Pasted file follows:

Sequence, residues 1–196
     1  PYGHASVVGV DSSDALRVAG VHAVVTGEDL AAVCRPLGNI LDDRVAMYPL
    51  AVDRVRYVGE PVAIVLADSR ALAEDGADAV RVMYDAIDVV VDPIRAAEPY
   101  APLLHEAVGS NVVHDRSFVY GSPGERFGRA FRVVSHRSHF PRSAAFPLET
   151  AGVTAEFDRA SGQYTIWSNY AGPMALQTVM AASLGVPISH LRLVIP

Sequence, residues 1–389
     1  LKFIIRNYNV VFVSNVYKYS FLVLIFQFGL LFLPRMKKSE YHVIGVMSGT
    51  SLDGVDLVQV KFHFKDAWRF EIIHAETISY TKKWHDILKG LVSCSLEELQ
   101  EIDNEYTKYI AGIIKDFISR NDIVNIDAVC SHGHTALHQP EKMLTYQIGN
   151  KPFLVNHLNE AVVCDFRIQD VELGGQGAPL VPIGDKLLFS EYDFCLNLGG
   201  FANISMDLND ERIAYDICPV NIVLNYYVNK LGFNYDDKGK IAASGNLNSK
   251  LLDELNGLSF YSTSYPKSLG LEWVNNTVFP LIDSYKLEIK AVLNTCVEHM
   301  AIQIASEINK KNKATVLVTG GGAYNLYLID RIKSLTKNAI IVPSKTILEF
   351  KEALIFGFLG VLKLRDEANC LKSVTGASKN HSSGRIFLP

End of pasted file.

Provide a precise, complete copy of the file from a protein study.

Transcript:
Sequence, residues 1–196
     1  PYGHASVVGV DSSDALRVAG VHAVVTGEDL AAVCRPLGNI LDDRVAMYPL
    51  AVDRVRYVGE PVAIVLADSR ALAEDGADAV RVMYDAIDVV VDPIRAAEPY
   101  APLLHEAVGS NVVHDRSFVY GSPGERFGRA FRVVSHRSHF PRSAAFPLET
   151  AGVTAEFDRA SGQYTIWSNY AGPMALQTVM AASLGVPISH LRLVIP

Sequence, residues 1–389
     1  LKFIIRNYNV VFVSNVYKYS FLVLIFQFGL LFLPRMKKSE YHVIGVMSGT
    51  SLDGVDLVQV KFHFKDAWRF EIIHAETISY TKKWHDILKG LVSCSLEELQ
   101  EIDNEYTKYI AGIIKDFISR NDIVNIDAVC SHGHTALHQP EKMLTYQIGN
   151  KPFLVNHLNE AVVCDFRIQD VELGGQGAPL VPIGDKLLFS EYDFCLNLGG
   201  FANISMDLND ERIAYDICPV NIVLNYYVNK LGFNYDDKGK IAASGNLNSK
   251  LLDELNGLSF YSTSYPKSLG LEWVNNTVFP LIDSYKLEIK AVLNTCVEHM
   301  AIQIASEINK KNKATVLVTG GGAYNLYLID RIKSLTKNAI IVPSKTILEF
   351  KEALIFGFLG VLKLRDEANC LKSVTGASKN HSSGRIFLP